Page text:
In June, the Department of Homeland Security made a critical announcement. For the first time in U.S. history, more than 15 national and local agencies and civilian organizations conducted a simultaneous major binational operation to find missing children inside and outside the United States.
That a country like El Salvador, poor and with many social needs, would embark on an effort to attract so-called bitcoin mining, which demands a huge amount of energy and does not generate large numbers of jobs, is an extravagance that many find hard to digest.
Prior to the COVID-19 pandemic, the Eastern Caribbean island nation, famed for its beautiful landscapes, pristine white-sand beaches and temperate climate, attracted around a million tourists each year.
A regular visitor to the islands of the Caribbean has become a dreaded nuisance over the past ten years. The sargassum seaweed that typically washes ashore now arrives each year in overwhelming, extraordinary amounts for reasons that are not entirely clear.
If you speak to farmers in El Salvador, many will tell you about the time they were driven to head north across Central America towards the US. The routes to the border are many, but the origins are so often the same: desperation and hope that better employment opportunities can be found elsewhere.
The visit of the Vice President of the United States to Mexico on June 8 served to address various issues on the bilateral agenda . The media gave importance especially to the migration issue, but Mrs. Harris gave a prominent place , also , to the labor question. Her appointments deserve some comments.
Twenty years after the blackout that prompted nine months of rationing to keep the power grid from collapsing, Brazil may see a repeat of the traumatic situation, this time with a more obvious climate change undertone.
The pain that María Estela Guevara feels over the disappearance of her niece Wendy Martínez remains as intense as it was four years ago, when she learned that the young woman, then 31, had vanished without a trace in eastern El Salvador.
Latin America is investing too little in a green recovery from the Covid-19 pandemic, with only 2.2% of the region's stimulus funds spent on environmentally sustainable projects last year, according to a new platform
developed by Oxford University and the UN.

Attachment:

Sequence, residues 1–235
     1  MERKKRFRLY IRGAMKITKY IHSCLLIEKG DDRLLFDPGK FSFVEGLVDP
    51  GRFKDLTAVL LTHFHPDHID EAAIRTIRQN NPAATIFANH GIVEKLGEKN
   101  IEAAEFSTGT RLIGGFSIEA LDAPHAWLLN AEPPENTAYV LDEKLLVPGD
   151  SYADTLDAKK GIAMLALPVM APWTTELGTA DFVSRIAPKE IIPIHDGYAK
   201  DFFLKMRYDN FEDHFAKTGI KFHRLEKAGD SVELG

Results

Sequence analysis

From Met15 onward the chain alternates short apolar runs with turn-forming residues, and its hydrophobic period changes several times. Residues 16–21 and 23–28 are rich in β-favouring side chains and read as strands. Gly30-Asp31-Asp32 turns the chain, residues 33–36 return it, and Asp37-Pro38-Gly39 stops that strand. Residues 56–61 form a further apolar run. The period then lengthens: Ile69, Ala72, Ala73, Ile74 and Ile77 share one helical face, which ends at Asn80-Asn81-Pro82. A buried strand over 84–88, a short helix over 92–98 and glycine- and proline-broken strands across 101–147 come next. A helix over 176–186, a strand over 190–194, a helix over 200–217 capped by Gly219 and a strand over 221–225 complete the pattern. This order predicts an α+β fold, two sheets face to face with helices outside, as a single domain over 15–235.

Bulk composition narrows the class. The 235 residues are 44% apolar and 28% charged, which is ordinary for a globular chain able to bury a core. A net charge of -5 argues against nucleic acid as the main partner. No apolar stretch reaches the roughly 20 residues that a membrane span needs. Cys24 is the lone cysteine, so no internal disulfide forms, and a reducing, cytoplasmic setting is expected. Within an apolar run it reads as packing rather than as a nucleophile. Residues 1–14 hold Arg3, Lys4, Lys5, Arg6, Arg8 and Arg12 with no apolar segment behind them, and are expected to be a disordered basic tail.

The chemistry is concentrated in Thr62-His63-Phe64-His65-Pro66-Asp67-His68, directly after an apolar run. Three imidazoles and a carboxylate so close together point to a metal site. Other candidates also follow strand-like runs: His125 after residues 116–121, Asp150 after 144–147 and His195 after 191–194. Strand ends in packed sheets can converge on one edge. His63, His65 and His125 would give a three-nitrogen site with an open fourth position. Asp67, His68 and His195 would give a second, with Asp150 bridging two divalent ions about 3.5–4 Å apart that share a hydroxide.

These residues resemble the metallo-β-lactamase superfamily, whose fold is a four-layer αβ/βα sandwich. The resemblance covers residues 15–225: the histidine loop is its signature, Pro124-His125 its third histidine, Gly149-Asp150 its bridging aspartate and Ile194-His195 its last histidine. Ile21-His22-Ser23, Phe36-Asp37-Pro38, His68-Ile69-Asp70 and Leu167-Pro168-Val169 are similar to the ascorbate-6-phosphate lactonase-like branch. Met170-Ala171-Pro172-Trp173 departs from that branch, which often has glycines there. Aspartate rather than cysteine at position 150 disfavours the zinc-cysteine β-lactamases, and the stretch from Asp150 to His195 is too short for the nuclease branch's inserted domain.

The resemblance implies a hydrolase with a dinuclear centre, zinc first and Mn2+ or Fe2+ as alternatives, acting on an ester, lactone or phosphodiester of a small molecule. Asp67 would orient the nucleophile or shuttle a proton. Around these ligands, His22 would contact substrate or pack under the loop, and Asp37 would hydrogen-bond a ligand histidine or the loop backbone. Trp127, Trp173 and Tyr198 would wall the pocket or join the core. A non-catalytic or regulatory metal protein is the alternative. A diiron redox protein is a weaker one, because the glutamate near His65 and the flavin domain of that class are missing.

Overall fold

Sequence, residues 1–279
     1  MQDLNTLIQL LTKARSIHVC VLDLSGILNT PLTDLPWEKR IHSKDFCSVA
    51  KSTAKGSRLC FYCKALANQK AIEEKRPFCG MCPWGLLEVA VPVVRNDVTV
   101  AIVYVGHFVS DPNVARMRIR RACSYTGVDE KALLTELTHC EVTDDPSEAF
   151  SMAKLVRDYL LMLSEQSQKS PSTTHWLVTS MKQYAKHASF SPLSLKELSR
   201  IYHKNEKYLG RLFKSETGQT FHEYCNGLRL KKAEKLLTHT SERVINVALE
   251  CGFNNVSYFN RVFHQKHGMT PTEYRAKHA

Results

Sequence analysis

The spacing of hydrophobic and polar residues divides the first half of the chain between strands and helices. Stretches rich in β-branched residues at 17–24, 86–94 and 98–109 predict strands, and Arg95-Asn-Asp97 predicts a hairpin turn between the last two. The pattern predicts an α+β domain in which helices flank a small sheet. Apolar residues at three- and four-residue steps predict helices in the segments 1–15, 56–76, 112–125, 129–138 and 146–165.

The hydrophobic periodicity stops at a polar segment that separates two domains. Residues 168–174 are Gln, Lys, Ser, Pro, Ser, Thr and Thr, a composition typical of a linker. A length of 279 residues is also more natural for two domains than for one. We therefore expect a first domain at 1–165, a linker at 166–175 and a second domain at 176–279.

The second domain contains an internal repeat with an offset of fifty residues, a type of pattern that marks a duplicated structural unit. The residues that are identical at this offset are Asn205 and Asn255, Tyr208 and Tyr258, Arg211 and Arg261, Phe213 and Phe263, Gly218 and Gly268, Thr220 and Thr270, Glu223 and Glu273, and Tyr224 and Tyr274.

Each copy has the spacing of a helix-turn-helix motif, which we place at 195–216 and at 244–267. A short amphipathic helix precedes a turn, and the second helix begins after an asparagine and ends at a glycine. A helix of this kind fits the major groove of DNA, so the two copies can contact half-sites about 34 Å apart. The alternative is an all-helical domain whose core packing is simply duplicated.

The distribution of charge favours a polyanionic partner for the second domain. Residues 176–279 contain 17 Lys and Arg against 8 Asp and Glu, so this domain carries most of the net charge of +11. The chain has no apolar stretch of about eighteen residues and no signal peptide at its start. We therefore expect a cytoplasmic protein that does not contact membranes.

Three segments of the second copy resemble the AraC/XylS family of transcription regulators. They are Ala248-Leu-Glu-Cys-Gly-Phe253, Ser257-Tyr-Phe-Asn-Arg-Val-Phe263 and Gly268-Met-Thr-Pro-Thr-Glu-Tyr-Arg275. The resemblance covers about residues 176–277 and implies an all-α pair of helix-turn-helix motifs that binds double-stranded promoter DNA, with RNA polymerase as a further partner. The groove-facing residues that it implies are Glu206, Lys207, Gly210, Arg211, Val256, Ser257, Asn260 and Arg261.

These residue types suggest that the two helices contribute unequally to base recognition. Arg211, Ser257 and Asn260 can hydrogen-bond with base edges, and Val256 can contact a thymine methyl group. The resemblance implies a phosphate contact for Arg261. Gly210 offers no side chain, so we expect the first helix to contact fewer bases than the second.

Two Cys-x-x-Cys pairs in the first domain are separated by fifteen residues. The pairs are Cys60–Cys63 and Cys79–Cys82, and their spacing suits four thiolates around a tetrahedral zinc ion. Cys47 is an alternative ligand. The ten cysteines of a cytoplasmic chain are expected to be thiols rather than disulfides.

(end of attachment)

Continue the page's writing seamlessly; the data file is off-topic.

The first wave of COVID-19 never ended in Latin America and the Caribbean (LAC). Since the region became a hotspot for the pandemic in June 2020, successive waves have continued to build upon the first.
At the school in El Guarumal, a remote village in eastern El Salvador, the children no longer have to walk several kilometers along winding paths to fetch water from wells; they now "harvest" it from the rain that falls on the roofs of their classrooms.
By the time he is finished, Dr. Satyanarayana Parvataneni expects he will be responsible for planting over 200,000 tree seedlings in Jamaica. It is an effort driven by a desire to preserve the planet for the next generation, as well as the one of the largest contributions to date to a national effort to plant three million trees in three years.
Cuban farmer José Antonio Casimiro found in the ageold technique of sowing water an opportunity to meet his farm's water needs and mitigate the increasingly visible effects of climate change.
Peru’s first round of elections on 11 April saw voters choosing between 18 presidential candidates with no one candidate leading by an impressive margin.
People with disabilities were particularly hard hit by the social and economic impacts of efforts to control COVID-19.
In 1956, the Caribbean held its first major scientific meeting, organised by the Standing Advisory Committee for Medical Research in the British Caribbean. At the time, the Mayaro Virus, a dengue-like viral disease often called ‘jungle flu’ had just been identified as a new human disease agent by W.G Downs and G.H Wattley in Trinidad.
India’s Prime Minister Narendra Modi has told the first United Nations General Assembly meeting on desertification and drought in a decade, that his country’s report card will show it is well on track to meet its land restoration commitments.
Chile is in a privileged position in the world to produce green hydrogen and boost the development of the new fuel thanks to the country’s optimal conditions for generating solar and wind energy, but the large investment required and the scarcity of water are two of the biggest obstacles to overcome.
As fisherman Luis Morán walked towards his small boat, which was floating in the water a few meters from the Salvadoran coast, he asked "How can the coral reefs not be damaged with such a warm sea?”
Health, fiscal, environmental and political crises have not prevented Brazil from attracting private capital to expand infrastructure, according to the sector's minister, Tarcísio de Freitas.
President of the United Nations General Assembly Volkan Bozkir has told a high-level debate on oceans that the world cannot afford to delay action on ocean protection. “There is simply no scenario wherein we live on a planet without an ocean,” he said.